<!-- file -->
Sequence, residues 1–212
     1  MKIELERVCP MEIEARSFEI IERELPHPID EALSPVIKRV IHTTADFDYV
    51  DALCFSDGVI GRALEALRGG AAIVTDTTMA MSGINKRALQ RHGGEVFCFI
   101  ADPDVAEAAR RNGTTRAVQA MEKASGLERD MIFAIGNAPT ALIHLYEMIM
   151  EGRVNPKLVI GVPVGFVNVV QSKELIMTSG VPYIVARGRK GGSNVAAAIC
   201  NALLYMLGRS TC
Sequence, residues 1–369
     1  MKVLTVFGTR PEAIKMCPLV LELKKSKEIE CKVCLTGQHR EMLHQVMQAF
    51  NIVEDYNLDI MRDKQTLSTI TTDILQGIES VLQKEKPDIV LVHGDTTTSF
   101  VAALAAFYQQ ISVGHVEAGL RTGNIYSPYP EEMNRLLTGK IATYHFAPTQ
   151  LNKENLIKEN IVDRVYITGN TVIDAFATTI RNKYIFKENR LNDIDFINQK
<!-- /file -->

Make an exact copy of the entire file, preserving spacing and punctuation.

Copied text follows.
Sequence, residues 1–212
     1  MKIELERVCP MEIEARSFEI IERELPHPID EALSPVIKRV IHTTADFDYV
    51  DALCFSDGVI GRALEALRGG AAIVTDTTMA MSGINKRALQ RHGGEVFCFI
   101  ADPDVAEAAR RNGTTRAVQA MEKASGLERD MIFAIGNAPT ALIHLYEMIM
   151  EGRVNPKLVI GVPVGFVNVV QSKELIMTSG VPYIVARGRK GGSNVAAAIC
   201  NALLYMLGRS TC
Sequence, residues 1–369
     1  MKVLTVFGTR PEAIKMCPLV LELKKSKEIE CKVCLTGQHR EMLHQVMQAF
    51  NIVEDYNLDI MRDKQTLSTI TTDILQGIES VLQKEKPDIV LVHGDTTTSF
   101  VAALAAFYQQ ISVGHVEAGL RTGNIYSPYP EEMNRLLTGK IATYHFAPTQ
   151  LNKENLIKEN IVDRVYITGN TVIDAFATTI RNKYIFKENR LNDIDFINQK